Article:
What a week this has been for Jude Bellingham! The Borussia Dortmund midfielder scored his first Bundesliga and Champions League goals in the last two matches, which were certainly well deserved after his phenomenal performances throughout the season.
Despite being 17-years-old, Bellingham has established himself as an integral player at Dortmund, racking up 39 competitive appearances for BVB.
For someone so young, the Stourbridge-born midfielder shows an unbelievable amount of talent and maturity beyond his years, which has attracted attention from all over Europe.
In the midst of all that, he was even called up by England, making his debut in November against the Republic of Ireland, where he faced Darren Randolph – a man who was playing competitive football before Bellingham could even walk – in the opposing goal.
His stellar performances in his side’s ultimately futile Champions League quarter-final tie have further increased his stock price in the footballing world, so let’s take a look at what Jude Bellingham is all about.
Youth Career and Birmingham City
Born into – in his own words – a “working-class family”, Bellingham claims to have always stood out on the football pitch. However, he started a little bit later than many other professionals at the age of seven when he joined Birmingham City’s under-8s, who were based about 14 miles away from his town.
Mike Dodds, now the academy chief at Birmingham City, thinks otherwise, as he said that Bellingham didn’t really stand out till he was about 13-years-old.
He certainly shone thereafter, making his under-18s debut aged 14 and going on to join the under-23s a year later, for whom he scored a match-winning goal on debut after coming on as a substitute.
Naturally, his rapid progression was tracked closely by the senior team, who invited him to train when he was still going to school.
He was gradually phased into the squad, making his professional debut just a month after his 16th birthday when he started a League Cup match against Portsmouth at the start of the 2019/20 season as the youngest player in Birmingham City’s history.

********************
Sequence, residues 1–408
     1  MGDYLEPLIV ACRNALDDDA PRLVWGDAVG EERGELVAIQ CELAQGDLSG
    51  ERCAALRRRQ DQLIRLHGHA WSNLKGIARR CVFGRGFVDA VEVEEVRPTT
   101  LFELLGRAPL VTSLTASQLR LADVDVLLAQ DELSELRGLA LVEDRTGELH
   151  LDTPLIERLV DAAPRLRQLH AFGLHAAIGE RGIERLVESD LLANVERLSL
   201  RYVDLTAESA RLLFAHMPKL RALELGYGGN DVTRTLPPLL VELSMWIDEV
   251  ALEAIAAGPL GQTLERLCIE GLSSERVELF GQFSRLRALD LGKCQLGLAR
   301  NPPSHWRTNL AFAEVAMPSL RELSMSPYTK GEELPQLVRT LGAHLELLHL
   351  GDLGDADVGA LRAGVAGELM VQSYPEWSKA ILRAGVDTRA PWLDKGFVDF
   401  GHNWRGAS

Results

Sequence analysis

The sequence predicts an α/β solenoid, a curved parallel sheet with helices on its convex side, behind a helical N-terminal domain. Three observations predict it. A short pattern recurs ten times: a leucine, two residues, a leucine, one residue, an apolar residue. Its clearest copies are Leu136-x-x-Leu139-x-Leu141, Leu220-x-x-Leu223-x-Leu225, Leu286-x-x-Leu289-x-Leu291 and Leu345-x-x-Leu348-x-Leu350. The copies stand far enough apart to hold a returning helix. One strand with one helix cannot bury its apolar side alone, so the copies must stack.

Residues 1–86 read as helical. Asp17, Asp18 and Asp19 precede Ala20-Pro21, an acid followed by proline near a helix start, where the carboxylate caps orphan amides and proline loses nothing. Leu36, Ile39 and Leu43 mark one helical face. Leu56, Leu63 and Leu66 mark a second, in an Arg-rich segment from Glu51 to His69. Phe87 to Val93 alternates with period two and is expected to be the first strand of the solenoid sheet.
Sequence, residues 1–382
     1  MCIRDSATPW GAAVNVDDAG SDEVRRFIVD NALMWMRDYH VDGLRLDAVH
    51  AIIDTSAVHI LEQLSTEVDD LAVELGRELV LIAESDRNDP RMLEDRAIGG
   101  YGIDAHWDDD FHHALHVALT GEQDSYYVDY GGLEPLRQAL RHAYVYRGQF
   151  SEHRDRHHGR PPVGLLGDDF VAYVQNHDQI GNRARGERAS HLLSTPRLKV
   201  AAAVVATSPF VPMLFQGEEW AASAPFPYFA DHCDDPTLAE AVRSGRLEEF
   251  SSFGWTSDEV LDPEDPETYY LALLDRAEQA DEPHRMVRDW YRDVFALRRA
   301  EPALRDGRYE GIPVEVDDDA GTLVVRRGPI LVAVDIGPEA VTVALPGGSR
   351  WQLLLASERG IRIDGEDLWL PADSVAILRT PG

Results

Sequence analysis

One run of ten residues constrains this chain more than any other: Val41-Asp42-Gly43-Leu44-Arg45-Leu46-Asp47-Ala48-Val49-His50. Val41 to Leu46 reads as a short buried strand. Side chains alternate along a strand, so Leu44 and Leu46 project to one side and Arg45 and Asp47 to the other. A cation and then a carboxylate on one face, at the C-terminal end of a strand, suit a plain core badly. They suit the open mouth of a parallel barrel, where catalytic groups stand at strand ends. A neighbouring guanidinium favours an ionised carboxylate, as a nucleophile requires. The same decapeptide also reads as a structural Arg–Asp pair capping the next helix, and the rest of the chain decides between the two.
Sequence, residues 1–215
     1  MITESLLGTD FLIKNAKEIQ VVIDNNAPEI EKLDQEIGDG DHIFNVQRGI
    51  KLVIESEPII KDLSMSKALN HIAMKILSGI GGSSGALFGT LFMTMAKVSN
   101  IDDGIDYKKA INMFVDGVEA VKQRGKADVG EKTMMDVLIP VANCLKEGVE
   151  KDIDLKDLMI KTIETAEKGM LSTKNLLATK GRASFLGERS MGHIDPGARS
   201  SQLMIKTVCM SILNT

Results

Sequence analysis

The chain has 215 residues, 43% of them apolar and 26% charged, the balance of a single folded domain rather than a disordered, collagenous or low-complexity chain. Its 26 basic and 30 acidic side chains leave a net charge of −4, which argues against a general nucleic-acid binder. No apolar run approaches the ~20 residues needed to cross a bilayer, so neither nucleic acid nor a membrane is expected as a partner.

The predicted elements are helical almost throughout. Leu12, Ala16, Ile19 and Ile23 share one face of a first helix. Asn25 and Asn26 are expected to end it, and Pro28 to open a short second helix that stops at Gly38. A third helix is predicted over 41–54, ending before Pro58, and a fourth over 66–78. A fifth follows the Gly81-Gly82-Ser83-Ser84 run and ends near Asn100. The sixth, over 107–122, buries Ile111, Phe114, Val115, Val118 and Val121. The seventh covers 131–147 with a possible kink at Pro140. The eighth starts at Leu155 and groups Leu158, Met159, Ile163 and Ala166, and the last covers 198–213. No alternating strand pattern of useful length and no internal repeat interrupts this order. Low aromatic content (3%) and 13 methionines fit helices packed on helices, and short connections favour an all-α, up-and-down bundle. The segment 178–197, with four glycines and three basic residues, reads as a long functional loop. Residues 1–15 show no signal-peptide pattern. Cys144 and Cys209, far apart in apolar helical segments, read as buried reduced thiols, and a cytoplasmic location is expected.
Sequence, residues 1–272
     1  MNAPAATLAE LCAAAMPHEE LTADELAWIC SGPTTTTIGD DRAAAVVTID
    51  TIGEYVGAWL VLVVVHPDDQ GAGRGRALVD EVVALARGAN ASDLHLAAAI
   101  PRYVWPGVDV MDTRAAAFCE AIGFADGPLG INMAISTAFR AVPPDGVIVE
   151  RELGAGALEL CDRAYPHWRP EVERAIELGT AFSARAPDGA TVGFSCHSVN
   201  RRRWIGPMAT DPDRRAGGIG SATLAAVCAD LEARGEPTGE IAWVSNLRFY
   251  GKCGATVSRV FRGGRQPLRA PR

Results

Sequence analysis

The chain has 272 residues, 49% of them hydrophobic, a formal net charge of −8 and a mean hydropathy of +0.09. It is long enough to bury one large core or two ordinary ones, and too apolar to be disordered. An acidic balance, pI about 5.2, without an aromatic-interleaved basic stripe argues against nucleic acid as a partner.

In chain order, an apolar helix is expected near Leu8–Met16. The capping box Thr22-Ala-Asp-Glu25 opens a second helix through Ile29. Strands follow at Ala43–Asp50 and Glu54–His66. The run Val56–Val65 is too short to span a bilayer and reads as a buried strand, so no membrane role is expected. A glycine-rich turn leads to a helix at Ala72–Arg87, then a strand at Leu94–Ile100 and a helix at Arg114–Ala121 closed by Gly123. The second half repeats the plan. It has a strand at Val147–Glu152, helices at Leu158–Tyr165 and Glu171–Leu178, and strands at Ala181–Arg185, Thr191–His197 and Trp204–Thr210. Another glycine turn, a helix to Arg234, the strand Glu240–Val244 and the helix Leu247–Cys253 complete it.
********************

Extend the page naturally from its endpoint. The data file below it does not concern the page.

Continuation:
The only way was up thereafter, as the young midfielder would make 41 appearances in the Championship for City, starting 32 matches in the process.
He was initially used as a left winger, but his quality was such that he gradually moved into a central midfield role, which is his natural position.
The youngster racked up four goals and two assists in the season, winning the EFL Young Player of the Season award thanks to his impressive all-round performances.
His defensive work rate was equally impressive, as Bellingham was among the top tacklers in the Championship while not looking too shabby in terms of interceptions either.
Starring in such a competitive league at such a young age obviously attracted attention from all over Europe. With Birmingham City fighting a relegation battle of their own, it was all but certain that their homegrown sensation would not stick around for too long.
Manchester United reportedly had a £20 million bid turned down on transfer deadline day in January, but it was all but confirmed that Bellingham would leave in the summer.
In the end, he chose Borussia Dortmund after noting the club’s positive history in terms of youth development, joining for a reported €27.5m with many performance-based add-ons, which made him the most expensive 17-year-old in football history – a title he holds to this day.
Such was his impact at Birmingham City that the club retired the #22 shirt in his honour after just one year of service to “remember one of their own and inspire others”.